The phrase “so much to do, so little time” had never felt as true as it did this summer while interning at the Edinburgh Festival Fringe in Scotland.
The Edinburgh Festival Fringe takes place in the month of August, and it is the largest arts festival in the world. It started in 1947, just after World War II, as a way to revitalize the culture in Europe and lift everyone’s spirits. What started out as less than 50 shows has now turned into a festival with over 2,500 shows and over 4,000 performances that occur at almost all times of the day. Many famous actors, including Mike Myers, Hugh Laurie, Caroline Rhea, and Alan Cumming, have performed at the Fringe.
I was in Edinburgh as part of the Business of the Arts Program, which is organized by the University of Edinburgh. It is an eight-week program with four weeks of business courses and then four weeks of an internship at the Edinburgh Festival Fringe.
The first month was jam-packed with my attempts to see all of the main tourist attractions. The two adventures that stand out the most were exploring Edinburgh Castle and climbing to the top of Arthur’s Seat, the largest mountain in Edinburgh. The castle is filled with rich Scottish history and culture that one can experience first hand by walking around the museums of the castle. The castle, built on top of a hill, gives great views of the entire city. I found my experience at Arthur’s Seat significant, because it was the first time I had been hiking in the longest time. Those who know me well know that I am the opposite of an outdoorsy person, so climbing Arthur’s Seat was a completely different experience for me; I will never forget the beautiful views. Being able to say that I was the tallest person in Edinburgh at one point is also pretty cool.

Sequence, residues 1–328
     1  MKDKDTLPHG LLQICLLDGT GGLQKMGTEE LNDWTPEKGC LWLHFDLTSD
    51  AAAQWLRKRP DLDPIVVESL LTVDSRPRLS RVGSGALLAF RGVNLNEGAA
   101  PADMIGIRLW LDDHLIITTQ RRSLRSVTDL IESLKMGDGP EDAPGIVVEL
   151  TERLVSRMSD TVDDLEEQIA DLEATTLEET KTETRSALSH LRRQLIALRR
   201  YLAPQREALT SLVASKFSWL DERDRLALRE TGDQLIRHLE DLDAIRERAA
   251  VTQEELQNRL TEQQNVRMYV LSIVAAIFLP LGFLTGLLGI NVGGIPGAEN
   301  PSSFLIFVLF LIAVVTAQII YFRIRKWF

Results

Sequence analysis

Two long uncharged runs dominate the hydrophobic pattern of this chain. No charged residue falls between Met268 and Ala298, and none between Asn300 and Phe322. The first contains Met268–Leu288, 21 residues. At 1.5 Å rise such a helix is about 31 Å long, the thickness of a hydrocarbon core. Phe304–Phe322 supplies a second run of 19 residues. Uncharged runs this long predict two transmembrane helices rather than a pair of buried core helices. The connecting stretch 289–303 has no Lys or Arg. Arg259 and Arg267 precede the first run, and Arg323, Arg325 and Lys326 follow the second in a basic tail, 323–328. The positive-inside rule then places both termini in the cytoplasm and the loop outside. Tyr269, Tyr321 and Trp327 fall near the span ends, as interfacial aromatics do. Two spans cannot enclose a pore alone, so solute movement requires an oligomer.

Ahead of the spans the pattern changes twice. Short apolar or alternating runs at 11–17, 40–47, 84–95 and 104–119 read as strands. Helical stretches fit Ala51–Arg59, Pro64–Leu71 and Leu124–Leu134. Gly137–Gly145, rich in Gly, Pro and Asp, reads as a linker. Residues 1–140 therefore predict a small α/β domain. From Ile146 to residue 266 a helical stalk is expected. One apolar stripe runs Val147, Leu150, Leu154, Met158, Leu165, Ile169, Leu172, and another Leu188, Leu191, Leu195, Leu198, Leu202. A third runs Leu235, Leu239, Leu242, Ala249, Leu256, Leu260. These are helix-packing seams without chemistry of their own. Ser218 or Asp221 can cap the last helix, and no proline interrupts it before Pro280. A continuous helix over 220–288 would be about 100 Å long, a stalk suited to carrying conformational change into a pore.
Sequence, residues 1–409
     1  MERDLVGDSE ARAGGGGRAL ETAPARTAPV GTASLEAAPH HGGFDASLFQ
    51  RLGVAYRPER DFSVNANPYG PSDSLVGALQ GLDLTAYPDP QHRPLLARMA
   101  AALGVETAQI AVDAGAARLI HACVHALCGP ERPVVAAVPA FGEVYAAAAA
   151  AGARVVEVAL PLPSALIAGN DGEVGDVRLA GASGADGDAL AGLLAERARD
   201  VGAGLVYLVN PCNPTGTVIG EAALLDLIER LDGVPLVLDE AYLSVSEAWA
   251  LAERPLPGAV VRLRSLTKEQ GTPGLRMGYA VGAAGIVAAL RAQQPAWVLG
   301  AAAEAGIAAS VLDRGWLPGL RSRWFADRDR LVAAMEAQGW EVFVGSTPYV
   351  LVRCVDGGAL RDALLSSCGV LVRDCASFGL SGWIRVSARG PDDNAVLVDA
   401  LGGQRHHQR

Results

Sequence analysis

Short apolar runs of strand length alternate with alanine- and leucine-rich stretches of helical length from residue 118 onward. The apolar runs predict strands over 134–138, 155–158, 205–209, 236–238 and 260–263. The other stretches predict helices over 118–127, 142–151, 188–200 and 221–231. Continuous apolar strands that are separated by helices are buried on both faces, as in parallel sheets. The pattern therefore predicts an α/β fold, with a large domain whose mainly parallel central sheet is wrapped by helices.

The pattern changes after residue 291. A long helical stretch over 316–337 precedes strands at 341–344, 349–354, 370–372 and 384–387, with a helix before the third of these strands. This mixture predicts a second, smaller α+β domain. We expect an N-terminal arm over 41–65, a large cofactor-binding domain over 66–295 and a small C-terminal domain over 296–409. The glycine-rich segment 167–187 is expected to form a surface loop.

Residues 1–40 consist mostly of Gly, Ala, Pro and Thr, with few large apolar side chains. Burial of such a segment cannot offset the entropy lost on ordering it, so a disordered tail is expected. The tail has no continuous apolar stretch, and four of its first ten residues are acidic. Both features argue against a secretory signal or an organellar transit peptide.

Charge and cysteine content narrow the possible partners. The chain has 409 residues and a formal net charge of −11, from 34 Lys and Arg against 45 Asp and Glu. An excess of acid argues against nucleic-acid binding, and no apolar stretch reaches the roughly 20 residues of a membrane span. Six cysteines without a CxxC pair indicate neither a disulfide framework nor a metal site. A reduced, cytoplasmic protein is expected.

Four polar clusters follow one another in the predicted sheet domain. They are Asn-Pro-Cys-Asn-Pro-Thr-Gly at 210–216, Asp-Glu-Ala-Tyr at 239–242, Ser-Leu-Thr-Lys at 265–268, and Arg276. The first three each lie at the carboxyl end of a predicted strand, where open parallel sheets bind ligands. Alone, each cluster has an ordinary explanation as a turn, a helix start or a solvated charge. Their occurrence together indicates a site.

The second month was the internship at the Edinburgh Festival Fringe. I was placed at a medium sized venue called Sweet Venues, which is a company based out of Dundee (about two hours away from Edinburgh). The venue was located in one of the highest traffic areas for visitors. I was doing press and marketing for them, helping out with their Facebook and Twitter pages, hanging up posters and flyers for the various shows at the venue, looking over press releases, and taking pictures for events. While the venue is medium sized, in terms of the number of shows they perform and the number of production companies that perform in their venue, the staff size is very small, with only 15 people employees.
With this tiny staff, one can imagine how chaotic the start of the internship was, especially setting up and bringing everything together in time for the festival’s start. While it was hectic, this internship was one of the most rewarding experiences that I have ever been a part of.
It gave me an opportunity to meet many interesting people who I never would have met otherwise. The people who performed at Sweet Venues were not only from Scotland, but from places around the world, like Dallas, Texas, and Sydney, Australia. My position allowed me to be a part of really cool events, like a charity event that was held at a Bowling Club in Edinburgh.
From my fellow students
in the program, to the people I worked with at Sweet Venues, everyone was incredibly welcoming to me and helped make my time in Edinburgh incredibly unique. Hopefully I can go back some day to expand on my experience abroad.